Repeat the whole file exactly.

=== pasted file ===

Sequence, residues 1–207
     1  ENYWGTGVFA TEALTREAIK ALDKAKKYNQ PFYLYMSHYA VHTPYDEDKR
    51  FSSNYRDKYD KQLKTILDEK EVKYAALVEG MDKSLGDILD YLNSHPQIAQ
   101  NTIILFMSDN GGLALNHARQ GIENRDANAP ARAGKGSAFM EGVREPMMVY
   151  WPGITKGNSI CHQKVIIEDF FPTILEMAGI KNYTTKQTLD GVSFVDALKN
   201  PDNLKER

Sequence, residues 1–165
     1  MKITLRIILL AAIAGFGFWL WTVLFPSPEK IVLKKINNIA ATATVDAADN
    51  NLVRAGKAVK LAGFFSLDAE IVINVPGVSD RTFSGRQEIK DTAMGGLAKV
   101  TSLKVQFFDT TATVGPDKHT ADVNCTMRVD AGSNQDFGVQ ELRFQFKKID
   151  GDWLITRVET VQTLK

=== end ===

Sequence, residues 1–207
     1  ENYWGTGVFA TEALTREAIK ALDKAKKYNQ PFYLYMSHYA VHTPYDEDKR
    51  FSSNYRDKYD KQLKTILDEK EVKYAALVEG MDKSLGDILD YLNSHPQIAQ
   101  NTIILFMSDN GGLALNHARQ GIENRDANAP ARAGKGSAFM EGVREPMMVY
   151  WPGITKGNSI CHQKVIIEDF FPTILEMAGI KNYTTKQTLD GVSFVDALKN
   201  PDNLKER

Sequence, residues 1–165
     1  MKITLRIILL AAIAGFGFWL WTVLFPSPEK IVLKKINNIA ATATVDAADN
    51  NLVRAGKAVK LAGFFSLDAE IVINVPGVSD RTFSGRQEIK DTAMGGLAKV
   101  TSLKVQFFDT TATVGPDKHT ADVNCTMRVD AGSNQDFGVQ ELRFQFKKID
   151  GDWLITRVET VQTLK